Part of that will be providing guidance in how to continue basic skill development at home, by increasing conference time and communication between teachers and parents of students in the program.

“We want to bolster teacher/parent relationships,” Watson said. “So whatever the teacher is working on, we want the parent to be able to take some facet of that and support the child at home.”

The district hopes that, by essentially giving a head start to the early intervention programs already in place at elementary schools, it can bring students up to grade level reading and arithmetic early on, and prevent a wrong first step from snowballing into more serious learning difficulties later in life.

“If a child is undetected as having learning problems, whether they be reading, processing, memorization, or any of those skill sets, if they fall through the cracks then all of a sudden you find out a child is in sixth grade and they have these problems," Watson said. "That’s pretty late in life to really turn that kid around.”

Jenne January 16, 2013 at 04:00 PM
Well, it could be that a program like this would save on remedial instruction later on. Remedial instruction often involves specialists rather than classroom teachers and is more one-on-one, thus often is more expensive.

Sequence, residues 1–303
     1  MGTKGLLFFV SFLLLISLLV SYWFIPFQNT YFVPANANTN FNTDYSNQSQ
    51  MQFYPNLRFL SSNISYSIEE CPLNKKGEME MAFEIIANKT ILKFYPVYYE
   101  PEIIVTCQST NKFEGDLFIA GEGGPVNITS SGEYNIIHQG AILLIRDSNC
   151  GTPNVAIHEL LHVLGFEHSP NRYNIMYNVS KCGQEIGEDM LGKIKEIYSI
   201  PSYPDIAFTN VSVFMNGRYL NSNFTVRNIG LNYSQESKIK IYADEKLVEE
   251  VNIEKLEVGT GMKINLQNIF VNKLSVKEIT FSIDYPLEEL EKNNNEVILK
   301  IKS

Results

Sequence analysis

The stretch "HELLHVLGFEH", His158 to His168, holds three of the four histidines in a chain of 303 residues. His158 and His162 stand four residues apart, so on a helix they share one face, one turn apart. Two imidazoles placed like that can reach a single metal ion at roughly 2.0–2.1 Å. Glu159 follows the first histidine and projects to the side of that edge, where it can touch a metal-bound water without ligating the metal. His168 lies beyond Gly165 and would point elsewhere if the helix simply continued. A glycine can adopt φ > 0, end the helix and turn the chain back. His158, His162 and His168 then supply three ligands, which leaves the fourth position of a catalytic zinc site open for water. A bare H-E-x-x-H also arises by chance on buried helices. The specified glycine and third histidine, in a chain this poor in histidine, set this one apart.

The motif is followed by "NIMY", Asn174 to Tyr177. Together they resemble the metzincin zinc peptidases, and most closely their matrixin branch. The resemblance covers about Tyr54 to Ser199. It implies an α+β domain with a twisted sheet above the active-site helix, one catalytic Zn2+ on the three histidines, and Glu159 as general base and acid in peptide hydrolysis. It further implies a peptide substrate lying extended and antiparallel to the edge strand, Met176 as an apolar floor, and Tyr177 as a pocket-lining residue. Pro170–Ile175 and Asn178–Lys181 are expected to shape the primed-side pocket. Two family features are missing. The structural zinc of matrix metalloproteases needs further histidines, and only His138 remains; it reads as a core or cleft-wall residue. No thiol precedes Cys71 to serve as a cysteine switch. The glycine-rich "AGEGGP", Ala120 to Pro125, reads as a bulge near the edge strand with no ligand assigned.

RP January 16, 2013 at 06:16 PM
Remedial instruction later on could also be avoided if Fair Lawn Kindergartner's spent more time in the class room learning and less time on a bus being shipped back and forth between KidCo and class. It's time that the BOA realized that 1/2 day instruction serves no one.
Mayor Goldie Wilson January 16, 2013 at 08:04 PM
A program designed to provide opportunity for academic advancement for all of our children? Outrageous! Mayor Goldie Wilson supports providing education to the sixth grade level with no extracurricular activities. If children wish to continue their education beyond that point, let them get jobs and pay for it. If not, as a noted judge has pointed out, the world needs ditch diggers too.
Deleted because of harassment January 16, 2013 at 11:17 PM
Fair Lawn is far behind the rest of the state in not having a full-day kindergarten program. Kids with special needs benefit from early intervention to the point that they usually catch up with their peers within a grade or two and the end result is less expense for the district for the child's future education. FWIT, both of my children entered kindergarten able to read and do simple math because of their pre-school experiences. The earlier we spend time educating children, the better they will be able to continue to progress, too. When we limit their learning in school, the effort needs to be made up in future grades - if it isn't we send them into a spiral of failures that builds up as surely as their assistance into making progress helps them to continue.
Tony Sina January 17, 2013 at 05:02 PM
That wouldn't be Judge Smails, would it?